Issue No. 27 February 2009 (£1.20)
In this issue we publish brief profiles of sixty eight individuals with Lenton connections who lost their lives in the course of the Second World War - with a further sixty to come in the next issue. Most readers will know that Lenton erected a memorial to those who died in the First World War which stands in front of the Albert Ball Memorial Homes at the junction of Church Street and Sherwin Road. Many may suppose that the memorial was subsequently updated to include some mention of those who died in the Second World War. The fact is this never happened. The Society, wanting to remedy this oversight, some years ago constructed provisional lists of names which were deposited in the churches of Holy Trinity and St. Anthony's. Other people have since come to light. Including the names in the magazine allows us to publicise the project and make yet another attempt to seek out any additional names. There is still some information missing from our existing profiles and we have little in the way of visual reminders of who these particular individuals were. The war-time newspapers published photographs of many of them but we can only access these on microfilm at the Central Library in Nottingham. Any copies we might try to take from the microfilm versions are of such poor quality that we have decided against using them. However if surviving relatives have any original photographs we should be happy to make copies and include them in the next or subsequent issues of the magazine. If they have any additional information they would like to share with us, the Society would be delighted to receive it. Whether we can arrange for a permanent memorial to be erected remains to be seen but at least we are doing our bit to ensure 'They will be remembered'.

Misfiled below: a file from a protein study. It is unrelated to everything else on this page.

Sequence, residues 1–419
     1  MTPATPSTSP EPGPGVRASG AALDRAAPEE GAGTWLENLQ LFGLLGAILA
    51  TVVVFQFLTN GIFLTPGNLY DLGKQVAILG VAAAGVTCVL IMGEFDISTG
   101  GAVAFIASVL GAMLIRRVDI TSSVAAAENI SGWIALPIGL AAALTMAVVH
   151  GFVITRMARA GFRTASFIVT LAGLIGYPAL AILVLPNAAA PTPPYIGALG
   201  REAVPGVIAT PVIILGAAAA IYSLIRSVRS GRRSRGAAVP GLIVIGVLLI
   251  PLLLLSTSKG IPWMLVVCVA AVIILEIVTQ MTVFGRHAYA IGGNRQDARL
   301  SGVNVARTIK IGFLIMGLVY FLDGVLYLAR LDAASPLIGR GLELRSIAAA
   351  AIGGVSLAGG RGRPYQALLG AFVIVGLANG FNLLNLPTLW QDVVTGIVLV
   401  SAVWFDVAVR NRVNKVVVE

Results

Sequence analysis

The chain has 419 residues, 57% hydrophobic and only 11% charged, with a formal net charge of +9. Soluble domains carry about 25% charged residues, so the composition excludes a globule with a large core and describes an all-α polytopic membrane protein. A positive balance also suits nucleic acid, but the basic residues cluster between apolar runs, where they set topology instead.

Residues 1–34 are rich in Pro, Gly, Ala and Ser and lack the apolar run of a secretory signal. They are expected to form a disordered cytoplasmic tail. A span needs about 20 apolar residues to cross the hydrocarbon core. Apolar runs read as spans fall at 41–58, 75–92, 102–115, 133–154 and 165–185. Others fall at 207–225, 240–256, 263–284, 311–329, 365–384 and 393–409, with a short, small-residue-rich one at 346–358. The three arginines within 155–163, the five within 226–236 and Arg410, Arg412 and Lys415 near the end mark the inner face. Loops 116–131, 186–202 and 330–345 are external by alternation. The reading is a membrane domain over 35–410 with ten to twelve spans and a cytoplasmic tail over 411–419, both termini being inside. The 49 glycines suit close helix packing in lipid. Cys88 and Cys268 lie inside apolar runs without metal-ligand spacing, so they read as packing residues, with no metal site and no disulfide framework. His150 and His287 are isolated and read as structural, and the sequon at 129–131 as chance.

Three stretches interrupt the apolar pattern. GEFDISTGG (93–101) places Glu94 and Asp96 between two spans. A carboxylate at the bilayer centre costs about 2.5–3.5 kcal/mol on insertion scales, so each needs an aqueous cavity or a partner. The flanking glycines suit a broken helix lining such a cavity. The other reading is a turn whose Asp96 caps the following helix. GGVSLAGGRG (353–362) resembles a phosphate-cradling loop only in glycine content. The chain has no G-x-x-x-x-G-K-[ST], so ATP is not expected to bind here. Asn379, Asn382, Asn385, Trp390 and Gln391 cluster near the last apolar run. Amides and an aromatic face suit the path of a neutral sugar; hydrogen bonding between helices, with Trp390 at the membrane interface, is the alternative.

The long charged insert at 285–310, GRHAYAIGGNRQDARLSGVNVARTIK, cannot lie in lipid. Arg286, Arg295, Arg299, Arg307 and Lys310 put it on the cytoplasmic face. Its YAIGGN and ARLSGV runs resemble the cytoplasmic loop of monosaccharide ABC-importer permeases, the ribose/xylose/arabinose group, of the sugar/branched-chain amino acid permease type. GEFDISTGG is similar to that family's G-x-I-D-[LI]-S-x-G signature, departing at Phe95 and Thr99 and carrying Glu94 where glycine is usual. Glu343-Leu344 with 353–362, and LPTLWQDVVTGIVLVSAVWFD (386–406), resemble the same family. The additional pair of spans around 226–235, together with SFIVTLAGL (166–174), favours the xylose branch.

The Wesleys in question are George and Barbara Wesley and their two daughters, Carol and Wendy. No.20 Churchill Street was their family home from the early 1940s until the Nottingham Corporation acquired the building along with all the neighbouring properties in the early 1960s as part of a clearance programme. Carol Williams (née Wesley) recalls what life was like growing up in this particular part of Old Lenton.
Viewing the Lifeless Body: A Coroner and his inquests held in Nottinghamshire Public Houses during the Nineteenth Century 1828 to 1866 by Bernard V. Heathcote (1 page)
Bernard Heathcote has searched through thirty years worth of Nottingham newspapers looking for reports of inquests carried out by Christopher Swann, a Nottinghamshire coroner. He found some four thousand five hundred. At this time public houses were the customary venue for holding inquests and this remained the case until an Act of 1902 encouraged the provision of special premises. Inquests were required in cases of violent, unnatural or unexplained sudden death, and would be held in the locality where 'the body lay dead'. Bernard Heathcote provides the reader with accounts of just over a hundred of these inquests grouped according to the cause of death. So we begin with an accidental overdose of opiates followed by various other types of accident including 'struck by lightning' and 'death in a balloon'. Then come suicide, murder, manslaughter and more unusual verdicts such as death from eating ox-tail soup and death from fear and excitement. When he gets to the murder and manslaughter verdicts, the examples are written up in greater detail. Our own write-up of the book highlights the various Lenton inquests the author came across. It concludes with the hope that the author will eventually deposit all his basic research information with the Local Studies Library so that subsequent researchers can also benefit from all his labours.